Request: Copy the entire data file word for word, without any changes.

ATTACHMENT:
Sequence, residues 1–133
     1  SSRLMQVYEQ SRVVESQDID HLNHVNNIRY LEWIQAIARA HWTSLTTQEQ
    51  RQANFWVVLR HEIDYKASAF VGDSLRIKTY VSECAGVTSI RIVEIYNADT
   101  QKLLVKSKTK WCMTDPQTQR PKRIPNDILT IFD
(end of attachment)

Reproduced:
Sequence, residues 1–133
     1  SSRLMQVYEQ SRVVESQDID HLNHVNNIRY LEWIQAIARA HWTSLTTQEQ
    51  RQANFWVVLR HEIDYKASAF VGDSLRIKTY VSECAGVTSI RIVEIYNADT
   101  QKLLVKSKTK WCMTDPQTQR PKRIPNDILT IFD